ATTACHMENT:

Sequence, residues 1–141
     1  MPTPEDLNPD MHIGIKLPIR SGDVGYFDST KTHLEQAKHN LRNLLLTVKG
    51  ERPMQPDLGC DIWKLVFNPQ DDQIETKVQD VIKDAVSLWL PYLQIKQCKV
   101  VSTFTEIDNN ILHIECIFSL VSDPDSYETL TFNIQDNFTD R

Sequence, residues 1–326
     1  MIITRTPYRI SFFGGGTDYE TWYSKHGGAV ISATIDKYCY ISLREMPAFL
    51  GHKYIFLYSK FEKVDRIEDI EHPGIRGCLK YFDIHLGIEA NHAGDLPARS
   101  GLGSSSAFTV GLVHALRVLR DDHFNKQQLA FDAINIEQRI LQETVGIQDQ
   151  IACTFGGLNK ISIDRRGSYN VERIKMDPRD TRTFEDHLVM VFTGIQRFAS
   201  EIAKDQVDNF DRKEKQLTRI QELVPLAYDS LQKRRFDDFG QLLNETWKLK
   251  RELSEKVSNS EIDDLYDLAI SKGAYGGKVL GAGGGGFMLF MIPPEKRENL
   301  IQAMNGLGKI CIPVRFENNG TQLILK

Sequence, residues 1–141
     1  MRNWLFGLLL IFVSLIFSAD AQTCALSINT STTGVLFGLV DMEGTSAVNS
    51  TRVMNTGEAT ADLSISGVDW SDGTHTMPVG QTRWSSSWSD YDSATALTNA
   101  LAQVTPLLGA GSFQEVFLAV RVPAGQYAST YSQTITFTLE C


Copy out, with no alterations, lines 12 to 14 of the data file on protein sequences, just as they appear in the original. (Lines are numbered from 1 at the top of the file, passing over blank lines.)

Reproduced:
   301  IQAMNGLGKI CIPVRFENNG TQLILK

Sequence, residues 1–141
     1  MRNWLFGLLL IFVSLIFSAD AQTCALSINT STTGVLFGLV DMEGTSAVNS